Imants Tillers, Credo, Giramondo Publishing  (2022)

As for the notion of establishing some direct relationship between literature and the visual arts, I'm afraid I've begun by choosing Mallarme's Le Coup de Dés [The throw of the dice] as a subject!

– Marcel Broodthaers, 1973

Neither margin nor center are appropriate to Broodthaers's work.

– Benjamin Buchloh, 1987 [1] 


While Imants Tillers’ art is renowned for its theoretical underpinnings, his book Credo is not a collection of shouting manifestoes or difficult theory. Easy on the eye and light in the hand, inside Credo we discover an amiable storyteller. Even its random dips in the esoteric depths of scientific theories do not distract from this journey through the life and mind of an artist with a knack for crystalising ideas in such readable prose.

Credo reveals that Tillers is an infinitely curious polymath with interests in mathematics, physics, cybernetics, the natural sciences, history, literature, philosophy and art:  he also happens to be expert at overhauling long reigning paradigms of Australian art and modernism. This is evident in Credo’s first essay, the widely cited “Locality Fails” (1982). In upturning the axiomatic “provincialism problem” of Australian art and highlighting Indigenous painting at Papunya as both a conceptual art practice and a premonition of the future of contemporary art, “Locality Fails” prescience is striking. Further, its proposition of appropriation as a critical method has since become normative in contemporary art practices, effectively retrieving the ethical virtues of a practice much maligned by modernism.

“Locality Fails” was originally published in the leading Australian journal of postmodern art, Art & Text. Tillers had just started his ongoing signature project, the Book of Power. Consisting of sequentially numbered canvasboards on which he paints appropriations of artworks and references to his broad interests, its diaristic archive of artworld issues over the previous 40 years is mirrored in the collected essays penned during the same period. Originally written by invitation, they appear as “occasional papers” that Tillers refers to as Duchampian readymades because they arise by chance, in the moment rather than by some grand design or purpose, ready for publication. Yet there are consistent themes which result in anecdotes and ideas being repeated through the book, as indeed they do in his artwork.  In refraining from editorial revisions, Credo retains the temporality of the originals: ‘I am not afraid of “repetition”’, said Tillers, it ‘is one of the fundamentals, not only of only my writing, but of my paintings as well.’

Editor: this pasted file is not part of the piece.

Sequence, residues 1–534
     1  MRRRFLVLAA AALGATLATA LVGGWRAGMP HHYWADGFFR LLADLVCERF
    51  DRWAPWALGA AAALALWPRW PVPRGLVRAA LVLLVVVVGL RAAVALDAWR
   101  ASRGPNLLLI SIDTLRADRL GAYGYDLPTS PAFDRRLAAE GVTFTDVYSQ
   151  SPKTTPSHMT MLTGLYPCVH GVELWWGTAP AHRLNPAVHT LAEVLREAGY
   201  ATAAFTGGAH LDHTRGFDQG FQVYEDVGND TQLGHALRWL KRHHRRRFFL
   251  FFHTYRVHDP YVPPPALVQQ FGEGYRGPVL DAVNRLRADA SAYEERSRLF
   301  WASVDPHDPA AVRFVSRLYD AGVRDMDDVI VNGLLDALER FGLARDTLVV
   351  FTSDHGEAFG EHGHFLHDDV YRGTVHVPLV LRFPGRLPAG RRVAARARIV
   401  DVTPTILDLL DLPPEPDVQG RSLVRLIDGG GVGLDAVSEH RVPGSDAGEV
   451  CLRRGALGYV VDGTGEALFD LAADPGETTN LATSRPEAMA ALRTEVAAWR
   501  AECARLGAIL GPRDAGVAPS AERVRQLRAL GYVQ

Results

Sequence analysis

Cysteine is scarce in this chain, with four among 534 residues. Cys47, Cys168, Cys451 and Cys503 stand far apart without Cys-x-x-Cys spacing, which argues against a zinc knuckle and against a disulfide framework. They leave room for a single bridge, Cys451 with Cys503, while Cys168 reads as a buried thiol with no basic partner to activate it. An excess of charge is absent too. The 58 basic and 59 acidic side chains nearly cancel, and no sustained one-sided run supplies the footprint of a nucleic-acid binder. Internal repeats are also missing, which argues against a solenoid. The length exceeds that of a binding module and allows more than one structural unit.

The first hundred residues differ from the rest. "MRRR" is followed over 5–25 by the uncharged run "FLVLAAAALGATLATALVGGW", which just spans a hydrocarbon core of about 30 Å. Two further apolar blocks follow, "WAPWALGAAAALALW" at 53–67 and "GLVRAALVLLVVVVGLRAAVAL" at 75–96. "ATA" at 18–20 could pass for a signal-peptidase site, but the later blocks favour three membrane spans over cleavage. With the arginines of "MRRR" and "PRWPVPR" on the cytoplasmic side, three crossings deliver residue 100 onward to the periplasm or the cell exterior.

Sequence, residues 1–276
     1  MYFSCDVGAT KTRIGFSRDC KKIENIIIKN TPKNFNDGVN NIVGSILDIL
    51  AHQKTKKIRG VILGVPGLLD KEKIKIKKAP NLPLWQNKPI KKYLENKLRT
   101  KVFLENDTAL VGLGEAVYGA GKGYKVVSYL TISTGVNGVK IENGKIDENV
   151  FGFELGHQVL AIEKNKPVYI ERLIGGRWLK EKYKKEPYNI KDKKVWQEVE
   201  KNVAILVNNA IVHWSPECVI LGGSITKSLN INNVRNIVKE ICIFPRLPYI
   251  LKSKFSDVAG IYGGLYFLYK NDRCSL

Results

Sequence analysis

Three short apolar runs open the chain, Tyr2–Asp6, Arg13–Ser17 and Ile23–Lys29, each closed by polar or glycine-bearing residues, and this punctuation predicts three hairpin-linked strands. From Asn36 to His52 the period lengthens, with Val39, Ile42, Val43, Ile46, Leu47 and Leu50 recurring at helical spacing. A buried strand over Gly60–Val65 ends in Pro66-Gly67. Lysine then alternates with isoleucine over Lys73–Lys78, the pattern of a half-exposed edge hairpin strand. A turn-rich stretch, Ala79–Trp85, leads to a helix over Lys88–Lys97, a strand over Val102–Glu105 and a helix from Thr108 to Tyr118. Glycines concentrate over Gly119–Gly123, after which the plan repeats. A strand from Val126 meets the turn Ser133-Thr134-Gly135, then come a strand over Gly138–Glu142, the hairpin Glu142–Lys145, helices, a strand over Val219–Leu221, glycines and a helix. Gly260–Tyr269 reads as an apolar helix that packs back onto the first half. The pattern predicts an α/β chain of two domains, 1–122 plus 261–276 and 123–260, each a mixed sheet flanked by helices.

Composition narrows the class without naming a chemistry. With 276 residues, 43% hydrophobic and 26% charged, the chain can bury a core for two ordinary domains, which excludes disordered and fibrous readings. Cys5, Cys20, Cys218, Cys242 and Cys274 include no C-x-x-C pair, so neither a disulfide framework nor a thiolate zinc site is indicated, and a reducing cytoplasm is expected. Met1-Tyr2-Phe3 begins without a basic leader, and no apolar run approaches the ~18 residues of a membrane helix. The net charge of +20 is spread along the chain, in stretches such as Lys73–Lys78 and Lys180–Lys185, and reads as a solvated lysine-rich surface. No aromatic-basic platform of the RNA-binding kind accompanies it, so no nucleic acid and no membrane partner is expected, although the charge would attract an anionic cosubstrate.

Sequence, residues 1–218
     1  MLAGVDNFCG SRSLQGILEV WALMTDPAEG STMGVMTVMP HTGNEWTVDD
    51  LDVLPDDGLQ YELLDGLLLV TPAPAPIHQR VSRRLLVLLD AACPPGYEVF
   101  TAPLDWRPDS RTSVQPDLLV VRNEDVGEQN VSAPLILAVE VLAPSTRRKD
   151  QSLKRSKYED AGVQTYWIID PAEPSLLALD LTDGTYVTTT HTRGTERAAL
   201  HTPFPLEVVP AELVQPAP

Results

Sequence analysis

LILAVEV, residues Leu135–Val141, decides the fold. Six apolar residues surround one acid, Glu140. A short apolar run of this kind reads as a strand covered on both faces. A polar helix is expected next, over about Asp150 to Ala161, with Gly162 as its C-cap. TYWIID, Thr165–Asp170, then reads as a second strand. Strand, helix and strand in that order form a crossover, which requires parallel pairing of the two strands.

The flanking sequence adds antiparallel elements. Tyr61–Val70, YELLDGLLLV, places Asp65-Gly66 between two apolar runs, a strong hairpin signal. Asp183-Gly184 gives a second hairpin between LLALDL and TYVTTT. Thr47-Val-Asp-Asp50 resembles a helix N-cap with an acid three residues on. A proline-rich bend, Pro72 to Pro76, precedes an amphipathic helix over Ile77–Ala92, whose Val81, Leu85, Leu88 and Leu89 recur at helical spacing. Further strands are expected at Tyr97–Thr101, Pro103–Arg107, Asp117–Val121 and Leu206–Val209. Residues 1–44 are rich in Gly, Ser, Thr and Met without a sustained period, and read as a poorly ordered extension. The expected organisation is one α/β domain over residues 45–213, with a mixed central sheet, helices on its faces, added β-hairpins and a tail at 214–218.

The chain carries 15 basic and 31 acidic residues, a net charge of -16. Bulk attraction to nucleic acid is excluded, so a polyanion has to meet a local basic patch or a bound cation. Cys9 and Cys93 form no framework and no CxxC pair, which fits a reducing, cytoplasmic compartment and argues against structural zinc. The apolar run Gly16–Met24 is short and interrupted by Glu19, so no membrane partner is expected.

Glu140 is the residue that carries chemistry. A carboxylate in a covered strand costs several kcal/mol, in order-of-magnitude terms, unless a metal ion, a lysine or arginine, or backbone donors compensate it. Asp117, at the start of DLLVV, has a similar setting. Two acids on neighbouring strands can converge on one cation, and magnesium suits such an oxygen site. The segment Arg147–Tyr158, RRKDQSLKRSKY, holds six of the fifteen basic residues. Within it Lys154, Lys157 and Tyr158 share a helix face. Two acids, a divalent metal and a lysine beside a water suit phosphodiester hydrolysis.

Credo reminds us of the central place of writing in Tillers’ painting practice. The statistics alone tell the story: as well as the essays published here, his growing archive contains 6,000+ pages of research notes bound in 100-page folders and untold written names, aphorisms and poems that have featured in his paintings since 1993—which account for over 70,000 of the 113,000+ canvasboards Tillers has painted since 1981. Further, his writing and painting share the same embodied technology: they are handwritten. There are no typewriters, computer programs, photographic tools or assistants in Tillers’ studio, but mountains of stacked books and canvasboards, and a desk where he paints and writes, often simultaneously.